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S. Sacu, R. Leitgeb, S. Michels, B. Hermann, C. Ahlers, B. Povazay, H. Sattmann, W. Drexler, U. Schmidt–Erfurth; Imaging of Pigment Epithelial Disease Using Threedimensional (3D) Ultrahigh Resolution (UHR) Optical Coherence Tomography (OCT) . Invest. Ophthalmol. Vis. Sci. 2005;46(13):2563.
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© ARVO (1962-2015); The Authors (2016-present)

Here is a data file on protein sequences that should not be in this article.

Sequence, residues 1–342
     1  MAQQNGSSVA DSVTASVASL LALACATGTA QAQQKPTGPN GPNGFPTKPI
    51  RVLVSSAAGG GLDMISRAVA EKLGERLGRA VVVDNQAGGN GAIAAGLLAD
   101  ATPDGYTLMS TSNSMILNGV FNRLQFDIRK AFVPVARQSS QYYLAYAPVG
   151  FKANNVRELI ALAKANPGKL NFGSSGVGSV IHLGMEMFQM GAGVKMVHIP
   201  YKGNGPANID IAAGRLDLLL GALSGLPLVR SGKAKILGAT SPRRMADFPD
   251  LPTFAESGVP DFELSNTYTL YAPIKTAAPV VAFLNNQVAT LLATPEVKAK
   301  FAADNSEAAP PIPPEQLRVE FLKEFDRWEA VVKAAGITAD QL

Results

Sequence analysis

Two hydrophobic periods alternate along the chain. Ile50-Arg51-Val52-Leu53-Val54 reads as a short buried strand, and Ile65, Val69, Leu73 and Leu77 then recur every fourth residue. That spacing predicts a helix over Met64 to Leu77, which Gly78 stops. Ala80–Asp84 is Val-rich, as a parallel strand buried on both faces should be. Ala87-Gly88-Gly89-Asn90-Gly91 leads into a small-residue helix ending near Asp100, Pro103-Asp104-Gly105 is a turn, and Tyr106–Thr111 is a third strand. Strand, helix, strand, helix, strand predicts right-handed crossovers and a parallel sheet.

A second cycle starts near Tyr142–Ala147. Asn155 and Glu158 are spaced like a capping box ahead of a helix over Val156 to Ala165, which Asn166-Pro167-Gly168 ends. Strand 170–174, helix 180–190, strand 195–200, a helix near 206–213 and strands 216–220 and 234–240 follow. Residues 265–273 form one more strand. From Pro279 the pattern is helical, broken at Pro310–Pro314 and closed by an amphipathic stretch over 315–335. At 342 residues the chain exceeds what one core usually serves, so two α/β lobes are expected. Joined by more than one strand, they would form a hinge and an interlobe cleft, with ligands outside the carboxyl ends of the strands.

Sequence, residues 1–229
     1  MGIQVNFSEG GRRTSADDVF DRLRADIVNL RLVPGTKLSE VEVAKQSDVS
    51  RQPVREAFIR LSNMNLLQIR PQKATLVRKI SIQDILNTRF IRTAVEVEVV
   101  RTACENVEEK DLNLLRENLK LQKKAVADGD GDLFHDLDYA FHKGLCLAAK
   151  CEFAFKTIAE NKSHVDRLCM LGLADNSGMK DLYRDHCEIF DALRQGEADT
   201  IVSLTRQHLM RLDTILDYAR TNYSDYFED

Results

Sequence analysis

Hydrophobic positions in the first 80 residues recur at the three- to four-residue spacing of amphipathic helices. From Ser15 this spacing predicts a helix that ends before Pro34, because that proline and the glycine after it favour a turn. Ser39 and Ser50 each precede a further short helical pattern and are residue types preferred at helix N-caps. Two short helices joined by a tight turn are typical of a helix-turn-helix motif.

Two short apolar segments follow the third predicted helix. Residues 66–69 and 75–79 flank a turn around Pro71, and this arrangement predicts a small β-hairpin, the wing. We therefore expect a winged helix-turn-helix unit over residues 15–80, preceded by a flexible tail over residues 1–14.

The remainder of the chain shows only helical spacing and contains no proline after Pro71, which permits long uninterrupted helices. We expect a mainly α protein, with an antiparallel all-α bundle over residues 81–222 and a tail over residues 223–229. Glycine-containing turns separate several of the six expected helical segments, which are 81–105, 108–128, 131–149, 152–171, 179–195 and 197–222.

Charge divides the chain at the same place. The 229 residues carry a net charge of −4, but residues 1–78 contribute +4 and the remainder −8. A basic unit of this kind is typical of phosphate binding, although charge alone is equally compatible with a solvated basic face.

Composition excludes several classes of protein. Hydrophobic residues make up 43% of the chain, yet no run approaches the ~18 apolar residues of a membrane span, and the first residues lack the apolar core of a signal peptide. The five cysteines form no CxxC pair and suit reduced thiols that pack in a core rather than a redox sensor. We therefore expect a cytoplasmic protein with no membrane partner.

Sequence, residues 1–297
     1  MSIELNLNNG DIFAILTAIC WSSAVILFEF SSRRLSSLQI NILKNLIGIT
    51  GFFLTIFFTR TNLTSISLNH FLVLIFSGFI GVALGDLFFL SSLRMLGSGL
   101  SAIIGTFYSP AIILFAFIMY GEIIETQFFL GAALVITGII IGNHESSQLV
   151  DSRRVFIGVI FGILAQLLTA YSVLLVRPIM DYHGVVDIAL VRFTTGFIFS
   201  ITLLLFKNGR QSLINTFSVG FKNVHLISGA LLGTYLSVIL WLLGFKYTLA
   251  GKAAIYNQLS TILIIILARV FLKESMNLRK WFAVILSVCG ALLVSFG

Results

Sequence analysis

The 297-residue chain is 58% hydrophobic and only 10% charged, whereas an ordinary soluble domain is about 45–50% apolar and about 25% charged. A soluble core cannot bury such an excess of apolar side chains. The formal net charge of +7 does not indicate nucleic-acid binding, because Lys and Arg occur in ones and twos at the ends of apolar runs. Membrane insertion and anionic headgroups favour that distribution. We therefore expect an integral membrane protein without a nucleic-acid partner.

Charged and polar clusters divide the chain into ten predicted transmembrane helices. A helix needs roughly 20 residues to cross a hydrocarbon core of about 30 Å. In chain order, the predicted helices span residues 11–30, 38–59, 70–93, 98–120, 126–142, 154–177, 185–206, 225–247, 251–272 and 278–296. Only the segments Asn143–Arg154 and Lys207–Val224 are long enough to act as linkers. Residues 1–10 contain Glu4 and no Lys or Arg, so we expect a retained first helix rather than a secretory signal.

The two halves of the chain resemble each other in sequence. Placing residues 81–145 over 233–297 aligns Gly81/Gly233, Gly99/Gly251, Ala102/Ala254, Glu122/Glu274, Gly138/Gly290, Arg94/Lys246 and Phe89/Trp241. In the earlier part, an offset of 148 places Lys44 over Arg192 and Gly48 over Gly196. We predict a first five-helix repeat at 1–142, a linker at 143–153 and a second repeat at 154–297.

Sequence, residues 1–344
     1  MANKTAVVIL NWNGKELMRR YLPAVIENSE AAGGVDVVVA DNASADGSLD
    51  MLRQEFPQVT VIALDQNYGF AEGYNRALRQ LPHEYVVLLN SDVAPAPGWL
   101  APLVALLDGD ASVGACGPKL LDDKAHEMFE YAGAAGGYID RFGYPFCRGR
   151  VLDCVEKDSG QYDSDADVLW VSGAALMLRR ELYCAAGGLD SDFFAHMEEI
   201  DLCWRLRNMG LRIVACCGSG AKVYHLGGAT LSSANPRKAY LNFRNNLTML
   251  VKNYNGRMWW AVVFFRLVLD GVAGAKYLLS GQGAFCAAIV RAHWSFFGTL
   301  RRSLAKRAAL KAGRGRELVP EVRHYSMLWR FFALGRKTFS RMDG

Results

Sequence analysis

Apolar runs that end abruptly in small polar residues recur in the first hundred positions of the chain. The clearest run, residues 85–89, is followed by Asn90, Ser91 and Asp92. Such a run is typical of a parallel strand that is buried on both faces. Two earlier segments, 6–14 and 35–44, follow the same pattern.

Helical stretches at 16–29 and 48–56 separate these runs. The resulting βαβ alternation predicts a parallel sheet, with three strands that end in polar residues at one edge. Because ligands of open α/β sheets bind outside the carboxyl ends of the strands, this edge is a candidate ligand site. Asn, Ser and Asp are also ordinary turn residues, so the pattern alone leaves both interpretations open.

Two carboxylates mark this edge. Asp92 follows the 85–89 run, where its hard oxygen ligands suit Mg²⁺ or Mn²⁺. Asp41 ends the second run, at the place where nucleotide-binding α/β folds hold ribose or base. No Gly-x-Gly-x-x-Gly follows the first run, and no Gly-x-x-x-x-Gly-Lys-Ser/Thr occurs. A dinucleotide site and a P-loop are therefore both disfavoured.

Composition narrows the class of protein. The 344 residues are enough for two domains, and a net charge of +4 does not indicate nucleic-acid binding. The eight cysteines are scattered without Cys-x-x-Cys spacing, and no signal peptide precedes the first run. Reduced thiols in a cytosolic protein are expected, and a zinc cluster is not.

Purpose:To demonstrate the potential of in vivo three dimensional imaging of the retinal pigment epithelium (RPE) in the central macula by high speed ultra–high resolution optical coherence tomography (3D UHR–OCT). Methods: Patients with distinct pathologies of the RPE e.g. central serous retinopathy, macular dystrophy and areolar atrophies were evaluated using a second generation UHR–OCT system for three–dimensional video–rate retinal imaging employing a compact, commercially available ultrabroad bandwidth (160 nm) Titanium:shappire laser. Three dimensional retinal imaging can be performed with high axial resolution of 3µm and up to 25 B–scans/second, each tomogram consisting of 1024x1024 pixels, resulting in 25 Megavoxels/second. Results: 3D UHR–OCT enables unprecedented in–vivo identification of all major retinal layers including inner and outer photoreceptors and the retinal pigment epithelium (RPE). In patients with acute central serous retinopathy and a single hot–spot angiographically multiple focal RPE alterations are documented, in addition to the characteristic findings such as a serous retinal detachment. Photoreceptor outer and inner segments are well preserved in the majority of patients. In patients with areolar atrophy there is a defined border between normal appearing and affected RPE. Photoreceptor outer and inner segments are missing or sparse overlying the area of affected RPE. In addition, RPE loss allows a precise visualisation of choriocapillary structures demonstrating significant atrophy and larger choroidal vessels. In bull’s eye dystrophy a characteristic hyperreflective circular thickening of the RPE band reaching into the outer retina as well as into the choroid allows to identify the intensity and distribution of RPE disease. The overlying photoreceptor layer is severely disturbed or missing. 3D UHR–OCT was further useful in imaging other RPE pathologies such as Stargardt dystrophy or retinopathia pigmentosa. Conclusions: 3D UHR–OCT has the potential to substantially enhance the sensitivity in early diagnosis and differential diagnosis of RPE disease. The modality allows to precisely identify areas of affected RPE and to quantify the resulting photoreceptor damage.
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